My Clean Break column today is actually more of a feature looking at compressed-air energy storage (CAES) and how Ontario, geologically, would be an excellent location to give it a try. About 50,000 natural gas and oil wells have been drilled in southwestern Ontario over the past 150 years and most of them are depleted. Turns out that depleted gas fields are one of several types of underground reservoir that can be used to store compressed air. Salt caverns are another option, and we have plenty of those as well. In fact, 60 per cent of Canada’s natural gas storage is in the region. Compressing and storing air wouldn’t be that different technically.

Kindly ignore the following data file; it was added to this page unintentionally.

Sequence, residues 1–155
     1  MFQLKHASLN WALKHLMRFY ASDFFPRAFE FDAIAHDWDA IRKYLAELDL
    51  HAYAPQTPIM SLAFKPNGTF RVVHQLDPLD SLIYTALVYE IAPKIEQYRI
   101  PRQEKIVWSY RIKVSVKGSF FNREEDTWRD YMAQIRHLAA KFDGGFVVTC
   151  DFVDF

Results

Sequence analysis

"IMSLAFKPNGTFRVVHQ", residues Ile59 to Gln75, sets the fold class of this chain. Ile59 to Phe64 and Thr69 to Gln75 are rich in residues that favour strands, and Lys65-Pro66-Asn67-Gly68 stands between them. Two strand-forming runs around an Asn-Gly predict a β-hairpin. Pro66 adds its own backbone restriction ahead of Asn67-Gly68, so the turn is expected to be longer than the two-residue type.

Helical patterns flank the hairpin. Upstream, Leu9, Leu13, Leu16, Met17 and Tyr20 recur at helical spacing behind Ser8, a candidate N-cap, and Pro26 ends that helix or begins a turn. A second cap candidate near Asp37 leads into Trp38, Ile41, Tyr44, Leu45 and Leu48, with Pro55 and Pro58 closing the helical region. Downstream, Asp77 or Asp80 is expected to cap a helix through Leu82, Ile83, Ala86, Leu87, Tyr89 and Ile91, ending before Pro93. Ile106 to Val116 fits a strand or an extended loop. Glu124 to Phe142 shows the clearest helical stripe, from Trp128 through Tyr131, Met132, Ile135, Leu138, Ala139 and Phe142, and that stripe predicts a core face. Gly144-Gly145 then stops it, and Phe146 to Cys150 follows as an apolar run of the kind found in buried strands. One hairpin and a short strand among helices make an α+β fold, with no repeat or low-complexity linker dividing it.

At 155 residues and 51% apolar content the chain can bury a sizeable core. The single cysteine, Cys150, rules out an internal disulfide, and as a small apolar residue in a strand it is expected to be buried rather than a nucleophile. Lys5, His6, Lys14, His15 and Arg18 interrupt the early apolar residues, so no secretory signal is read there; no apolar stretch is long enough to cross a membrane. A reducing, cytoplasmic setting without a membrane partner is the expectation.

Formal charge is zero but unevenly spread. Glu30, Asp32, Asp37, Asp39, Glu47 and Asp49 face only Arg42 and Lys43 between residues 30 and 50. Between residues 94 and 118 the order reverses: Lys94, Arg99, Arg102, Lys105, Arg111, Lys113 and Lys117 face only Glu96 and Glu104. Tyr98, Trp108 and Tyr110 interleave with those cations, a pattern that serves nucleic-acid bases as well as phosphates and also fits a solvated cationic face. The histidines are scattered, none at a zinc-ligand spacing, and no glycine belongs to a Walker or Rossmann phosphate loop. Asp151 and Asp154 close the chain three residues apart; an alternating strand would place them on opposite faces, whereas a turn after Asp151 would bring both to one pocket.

Another benefit is that southwestern Ontario has strong wind resources, so building a 1,000 MW-plus CAES facility on its own or as part of a partnership with area wind developers could prove quite economical. The idea, of course, is that cheap wind power generated overnight when demand is down could be used to compress and store the air. The air could then be released to generate electricity during daytime peaks, making wind a dispatchable resource in Ontario and more of a realistic replacement for coal power as it gets phased out of the province. Surplus overnight nuclear power, when we have it (mostly during the summer), could also be stored this way.
Read the story for more details and an explanation of how compressed-air energy storage works, and how rising natural gas prices and an inevitable price on carbon makes this an attractive bulk-energy storage option worth considering and planning for today.